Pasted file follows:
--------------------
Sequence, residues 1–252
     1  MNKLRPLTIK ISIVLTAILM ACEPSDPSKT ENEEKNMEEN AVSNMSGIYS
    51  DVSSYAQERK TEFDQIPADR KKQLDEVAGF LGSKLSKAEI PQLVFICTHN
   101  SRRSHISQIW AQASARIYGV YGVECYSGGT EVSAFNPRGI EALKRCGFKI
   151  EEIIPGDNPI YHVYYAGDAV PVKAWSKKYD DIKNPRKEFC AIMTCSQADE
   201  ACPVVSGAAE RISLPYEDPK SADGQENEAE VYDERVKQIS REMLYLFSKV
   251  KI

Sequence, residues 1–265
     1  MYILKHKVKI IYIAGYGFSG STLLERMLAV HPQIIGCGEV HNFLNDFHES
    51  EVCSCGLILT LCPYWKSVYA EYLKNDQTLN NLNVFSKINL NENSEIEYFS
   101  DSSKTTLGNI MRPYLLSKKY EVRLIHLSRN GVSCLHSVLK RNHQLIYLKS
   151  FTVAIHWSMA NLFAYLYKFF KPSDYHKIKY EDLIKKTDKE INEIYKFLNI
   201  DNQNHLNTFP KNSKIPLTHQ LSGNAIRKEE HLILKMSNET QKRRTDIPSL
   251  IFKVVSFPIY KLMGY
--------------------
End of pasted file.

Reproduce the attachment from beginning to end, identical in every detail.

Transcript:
Sequence, residues 1–252
     1  MNKLRPLTIK ISIVLTAILM ACEPSDPSKT ENEEKNMEEN AVSNMSGIYS
    51  DVSSYAQERK TEFDQIPADR KKQLDEVAGF LGSKLSKAEI PQLVFICTHN
   101  SRRSHISQIW AQASARIYGV YGVECYSGGT EVSAFNPRGI EALKRCGFKI
   151  EEIIPGDNPI YHVYYAGDAV PVKAWSKKYD DIKNPRKEFC AIMTCSQADE
   201  ACPVVSGAAE RISLPYEDPK SADGQENEAE VYDERVKQIS REMLYLFSKV
   251  KI

Sequence, residues 1–265
     1  MYILKHKVKI IYIAGYGFSG STLLERMLAV HPQIIGCGEV HNFLNDFHES
    51  EVCSCGLILT LCPYWKSVYA EYLKNDQTLN NLNVFSKINL NENSEIEYFS
   101  DSSKTTLGNI MRPYLLSKKY EVRLIHLSRN GVSCLHSVLK RNHQLIYLKS
   151  FTVAIHWSMA NLFAYLYKFF KPSDYHKIKY EDLIKKTDKE INEIYKFLNI
   201  DNQNHLNTFP KNSKIPLTHQ LSGNAIRKEE HLILKMSNET QKRRTDIPSL
   251  IFKVVSFPIY KLMGY